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Purifoy Lends Offense
a Helping Hand

Written by alex gray, March 20, 2013, 0 Comments,
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Will Muschamp wouldn’t offer any estimations on the number of plays Loucheiz Purifoy will average per game this season.

Rather, Florida’s head coach offered the following on his cornerback/receiver/special teams demon/waterboy: “He needs to be in really, really good shape.”

Since the 2010 season, to be blunt, Florida’s receiving core has been awful.

At this point, the Gators would do anything and everything to get just a semblance of 2008-like production out of their pass-catchers — including bringing over a player from their defense who starts at corner and runs like mad on special teams.

 

Enter Purifoy.

 

“At first, I didn’t want to play it,” Purifoy admitted on Tuesday. “I really didn’t want to play receiver, but I’m kind of getting back into the groove of it now … it’s kind of fun.”

Purifoy arbitrarily showed up on offense last season, his brief appearances lasting no longer than a play or two. On the rare occasion the 6’1 Pensacola-native did enter a game at wide out, his route on the play often found him running as fast as he could down the field in a straight line.

The experiment initially caught opposing defenses and even Florida fans off guard, but soon enough, when Purifoy’s random entry into a game occurred, most had an idea of what was coming.

“We’re trying to introduce concepts to him,” Muschamp said. “Instead of just sending him over and saying ‘ok, you got these three plays when you’re in the game.’ Because once you’re through running those three plays in the first quarter, they’re kind of on to what’s going on.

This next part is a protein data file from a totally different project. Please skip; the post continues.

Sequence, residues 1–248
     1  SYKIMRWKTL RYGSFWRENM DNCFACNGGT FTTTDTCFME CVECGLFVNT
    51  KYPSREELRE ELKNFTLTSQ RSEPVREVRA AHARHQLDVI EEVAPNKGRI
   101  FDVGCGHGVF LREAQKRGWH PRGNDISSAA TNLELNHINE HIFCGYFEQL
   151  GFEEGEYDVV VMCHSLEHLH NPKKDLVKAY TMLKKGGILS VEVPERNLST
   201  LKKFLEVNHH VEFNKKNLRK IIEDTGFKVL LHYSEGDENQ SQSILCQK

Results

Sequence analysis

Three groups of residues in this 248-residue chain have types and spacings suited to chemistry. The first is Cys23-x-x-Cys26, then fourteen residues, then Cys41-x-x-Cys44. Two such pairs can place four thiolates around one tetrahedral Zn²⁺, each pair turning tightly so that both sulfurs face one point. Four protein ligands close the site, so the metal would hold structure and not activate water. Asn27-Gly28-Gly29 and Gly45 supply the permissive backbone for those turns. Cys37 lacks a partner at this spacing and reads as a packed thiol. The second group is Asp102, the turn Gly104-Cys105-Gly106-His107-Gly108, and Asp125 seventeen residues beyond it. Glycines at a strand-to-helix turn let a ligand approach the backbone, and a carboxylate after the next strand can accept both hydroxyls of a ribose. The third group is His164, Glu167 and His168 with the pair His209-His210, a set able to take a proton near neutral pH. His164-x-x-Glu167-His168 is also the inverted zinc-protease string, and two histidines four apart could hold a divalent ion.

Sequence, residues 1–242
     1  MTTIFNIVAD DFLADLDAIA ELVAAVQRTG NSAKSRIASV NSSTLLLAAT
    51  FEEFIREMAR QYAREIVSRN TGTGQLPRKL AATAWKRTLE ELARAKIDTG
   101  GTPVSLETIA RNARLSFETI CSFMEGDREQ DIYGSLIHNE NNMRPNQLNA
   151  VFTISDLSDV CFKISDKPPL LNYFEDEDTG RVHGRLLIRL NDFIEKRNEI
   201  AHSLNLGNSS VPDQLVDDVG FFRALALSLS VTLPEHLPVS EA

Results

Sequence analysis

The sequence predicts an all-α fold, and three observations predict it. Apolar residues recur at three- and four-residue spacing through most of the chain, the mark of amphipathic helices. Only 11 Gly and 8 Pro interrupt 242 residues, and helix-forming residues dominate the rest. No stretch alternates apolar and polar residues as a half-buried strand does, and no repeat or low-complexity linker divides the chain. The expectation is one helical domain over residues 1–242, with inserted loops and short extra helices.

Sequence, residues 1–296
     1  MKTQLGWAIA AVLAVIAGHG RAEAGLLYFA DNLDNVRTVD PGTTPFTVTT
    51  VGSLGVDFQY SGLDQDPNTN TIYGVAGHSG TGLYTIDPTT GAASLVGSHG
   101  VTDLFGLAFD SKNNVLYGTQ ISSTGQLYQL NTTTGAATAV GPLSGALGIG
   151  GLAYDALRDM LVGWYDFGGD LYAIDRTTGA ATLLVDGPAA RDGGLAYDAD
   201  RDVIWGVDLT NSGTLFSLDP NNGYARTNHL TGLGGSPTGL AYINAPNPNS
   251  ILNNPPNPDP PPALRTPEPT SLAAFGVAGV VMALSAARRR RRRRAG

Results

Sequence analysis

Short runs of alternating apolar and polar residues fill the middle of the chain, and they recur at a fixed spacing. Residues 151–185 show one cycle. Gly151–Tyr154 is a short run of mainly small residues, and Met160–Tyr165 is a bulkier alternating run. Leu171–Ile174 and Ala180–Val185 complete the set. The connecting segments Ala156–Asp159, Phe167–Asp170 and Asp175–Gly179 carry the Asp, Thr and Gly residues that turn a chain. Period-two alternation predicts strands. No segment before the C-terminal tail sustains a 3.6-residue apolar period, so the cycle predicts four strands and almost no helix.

“We want to be able to expand what he can do at receiver. And I don’t think it’s diminished his skill at all as a corner.”

Purifoy’s stint at receiver will only last through the weekend, when he will promptly be placed back on defense for the duration of camp. Muschamp said before the start of spring practice that Purifoy would only get seven of 15 practices on the offensive side of the ball.

Purifoy said the hardest part about the adjustment so far has been getting down the various routes he is expected to run.  However, according to quarterback Jeff Driskel, his newest toy on the outside has been eager to learn.

“I was happy when they told me he was going to be on our side for the first part of spring,” Driskel said. He’s an athletic freak. He’s a guy we want to get the ball, and he’s done a good job so far and he’s really embraced the challenge.

“Just the other day, I was watching film, and he poked his head in. We talked for 20 minutes about what he can do differently, and what I’m looking at, so he’s definitely trying to get as much knowledge as he can.”

While the receiving core has had an “under construction” label taped over their collective names throughout the past few years, Muschamp stated he’s liking what he’s seen so far out of his everyday receivers:

“Andre’s [Debose] done some nice things. Just got to continue; his biggest battle is consistency, doing it all the time. Quinton [Dunbar], I thought improved throughout the year tremendously … Latroy’s shown up done some nice things for us. Solomon Patton has been in non-contact and has done some nice things.”